Office Talk Visualized

The origins of workplace jargon
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It’s easy to poke fun at nonsensical office speak. For one thing, it sounds exhausting: a colleague might “reach out,” “drill down,” and promise to “circle back” in a single e-mail. But by signaling membership in a white-collar tribe, meaningless jargon can be quite powerful.

The buzzwords heard in today’s cubicles and corner offices can be traced to a theory of organizational development popularized in the 1950s and ’60s by Kurt Lewin and Douglas McGregor, both professors at MIT. They argued that jobs are about more than just money, and can in fact be a means of personal fulfillment—an idea that sparked “culture” makeovers at major companies and planted the seeds of today’s many diverse, interconnected dialects of office speak, presented here according to which tribe lays claim to them.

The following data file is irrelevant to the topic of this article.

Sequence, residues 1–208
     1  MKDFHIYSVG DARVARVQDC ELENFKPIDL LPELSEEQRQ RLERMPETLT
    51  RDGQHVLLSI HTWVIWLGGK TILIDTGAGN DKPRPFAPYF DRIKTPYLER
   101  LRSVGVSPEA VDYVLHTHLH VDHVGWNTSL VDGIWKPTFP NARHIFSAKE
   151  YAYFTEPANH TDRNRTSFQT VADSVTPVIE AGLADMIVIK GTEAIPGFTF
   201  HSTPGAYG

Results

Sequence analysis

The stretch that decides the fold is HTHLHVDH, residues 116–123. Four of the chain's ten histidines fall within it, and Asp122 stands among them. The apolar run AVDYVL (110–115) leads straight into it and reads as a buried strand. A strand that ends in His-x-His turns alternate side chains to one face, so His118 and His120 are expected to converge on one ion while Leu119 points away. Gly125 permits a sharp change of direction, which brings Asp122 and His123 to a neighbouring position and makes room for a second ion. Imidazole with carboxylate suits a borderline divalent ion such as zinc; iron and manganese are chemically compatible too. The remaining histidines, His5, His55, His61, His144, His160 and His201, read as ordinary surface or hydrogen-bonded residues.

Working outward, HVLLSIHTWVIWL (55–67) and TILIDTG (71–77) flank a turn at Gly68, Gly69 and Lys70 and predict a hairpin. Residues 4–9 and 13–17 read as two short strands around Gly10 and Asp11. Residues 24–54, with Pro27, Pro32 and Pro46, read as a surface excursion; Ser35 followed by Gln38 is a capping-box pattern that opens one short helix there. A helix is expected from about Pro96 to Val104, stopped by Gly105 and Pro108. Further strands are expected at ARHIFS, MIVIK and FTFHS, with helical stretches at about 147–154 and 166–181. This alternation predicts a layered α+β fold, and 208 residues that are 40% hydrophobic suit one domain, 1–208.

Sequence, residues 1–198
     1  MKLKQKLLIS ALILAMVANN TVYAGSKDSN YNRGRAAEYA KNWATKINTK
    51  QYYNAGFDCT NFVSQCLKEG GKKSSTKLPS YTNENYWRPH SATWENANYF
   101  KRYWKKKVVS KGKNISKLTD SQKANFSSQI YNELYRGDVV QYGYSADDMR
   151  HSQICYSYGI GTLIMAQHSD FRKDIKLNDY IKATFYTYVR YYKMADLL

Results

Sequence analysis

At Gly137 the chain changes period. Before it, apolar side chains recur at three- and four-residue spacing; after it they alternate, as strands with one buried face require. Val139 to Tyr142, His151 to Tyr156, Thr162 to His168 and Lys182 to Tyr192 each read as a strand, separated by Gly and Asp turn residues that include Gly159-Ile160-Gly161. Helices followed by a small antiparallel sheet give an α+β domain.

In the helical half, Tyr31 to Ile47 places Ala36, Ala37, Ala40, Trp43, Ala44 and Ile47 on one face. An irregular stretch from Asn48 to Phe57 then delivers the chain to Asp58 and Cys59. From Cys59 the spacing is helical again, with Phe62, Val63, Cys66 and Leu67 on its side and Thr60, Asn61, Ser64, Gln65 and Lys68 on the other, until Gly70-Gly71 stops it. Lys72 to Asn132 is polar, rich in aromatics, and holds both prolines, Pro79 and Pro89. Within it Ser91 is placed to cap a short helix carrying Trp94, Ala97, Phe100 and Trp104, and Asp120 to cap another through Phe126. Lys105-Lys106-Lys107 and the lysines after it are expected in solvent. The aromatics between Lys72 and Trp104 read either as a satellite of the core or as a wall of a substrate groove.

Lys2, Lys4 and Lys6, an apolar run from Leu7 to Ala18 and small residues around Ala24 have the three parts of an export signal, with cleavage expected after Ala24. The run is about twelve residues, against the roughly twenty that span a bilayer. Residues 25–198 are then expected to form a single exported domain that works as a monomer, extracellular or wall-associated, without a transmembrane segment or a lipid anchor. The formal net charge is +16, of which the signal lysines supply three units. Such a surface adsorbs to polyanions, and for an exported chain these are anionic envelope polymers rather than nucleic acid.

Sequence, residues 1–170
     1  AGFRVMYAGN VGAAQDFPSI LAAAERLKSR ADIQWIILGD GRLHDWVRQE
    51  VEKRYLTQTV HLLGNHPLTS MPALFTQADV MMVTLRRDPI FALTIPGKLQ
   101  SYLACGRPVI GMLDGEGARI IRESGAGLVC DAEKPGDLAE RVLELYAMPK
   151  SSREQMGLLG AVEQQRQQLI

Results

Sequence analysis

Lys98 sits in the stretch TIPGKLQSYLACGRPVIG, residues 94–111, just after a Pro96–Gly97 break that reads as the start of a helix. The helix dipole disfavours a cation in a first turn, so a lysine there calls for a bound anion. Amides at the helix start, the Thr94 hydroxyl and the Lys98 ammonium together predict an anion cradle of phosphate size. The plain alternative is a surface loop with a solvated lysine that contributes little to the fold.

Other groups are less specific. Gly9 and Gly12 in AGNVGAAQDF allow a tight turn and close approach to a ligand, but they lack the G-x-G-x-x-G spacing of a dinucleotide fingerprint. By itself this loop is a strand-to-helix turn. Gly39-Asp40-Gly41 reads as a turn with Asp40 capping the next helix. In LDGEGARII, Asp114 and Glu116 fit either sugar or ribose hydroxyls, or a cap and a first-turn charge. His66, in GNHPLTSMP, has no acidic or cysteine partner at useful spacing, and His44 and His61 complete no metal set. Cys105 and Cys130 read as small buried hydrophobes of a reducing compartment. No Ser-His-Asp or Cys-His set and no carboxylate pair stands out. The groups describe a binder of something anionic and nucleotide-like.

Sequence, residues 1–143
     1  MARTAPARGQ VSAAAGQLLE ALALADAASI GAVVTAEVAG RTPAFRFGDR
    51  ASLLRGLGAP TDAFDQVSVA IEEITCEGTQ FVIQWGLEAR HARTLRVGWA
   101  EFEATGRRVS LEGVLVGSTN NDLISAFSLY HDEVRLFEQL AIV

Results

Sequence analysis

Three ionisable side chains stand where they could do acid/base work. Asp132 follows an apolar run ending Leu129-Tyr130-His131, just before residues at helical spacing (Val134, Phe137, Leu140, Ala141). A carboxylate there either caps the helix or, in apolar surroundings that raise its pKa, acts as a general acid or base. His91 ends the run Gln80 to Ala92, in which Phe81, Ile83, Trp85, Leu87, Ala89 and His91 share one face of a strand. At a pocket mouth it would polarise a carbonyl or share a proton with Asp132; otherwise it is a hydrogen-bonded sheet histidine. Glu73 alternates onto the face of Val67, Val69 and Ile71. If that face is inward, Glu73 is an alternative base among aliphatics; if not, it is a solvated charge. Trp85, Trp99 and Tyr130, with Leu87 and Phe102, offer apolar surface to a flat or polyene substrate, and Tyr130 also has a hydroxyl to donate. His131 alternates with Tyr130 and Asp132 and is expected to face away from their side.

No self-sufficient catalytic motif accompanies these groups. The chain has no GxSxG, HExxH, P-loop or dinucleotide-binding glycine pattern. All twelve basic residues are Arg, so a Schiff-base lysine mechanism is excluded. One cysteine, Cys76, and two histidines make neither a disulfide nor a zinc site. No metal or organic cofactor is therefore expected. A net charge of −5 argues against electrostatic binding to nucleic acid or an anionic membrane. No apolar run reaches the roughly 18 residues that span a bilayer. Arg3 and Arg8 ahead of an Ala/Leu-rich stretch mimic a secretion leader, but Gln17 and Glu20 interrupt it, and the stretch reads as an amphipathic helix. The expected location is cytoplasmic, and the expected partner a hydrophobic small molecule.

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Emma Green is an associate editor at The Atlantic, where she oversees the National Channel, manages TheAtlantic.com’s homepage, and writes about religion and culture.

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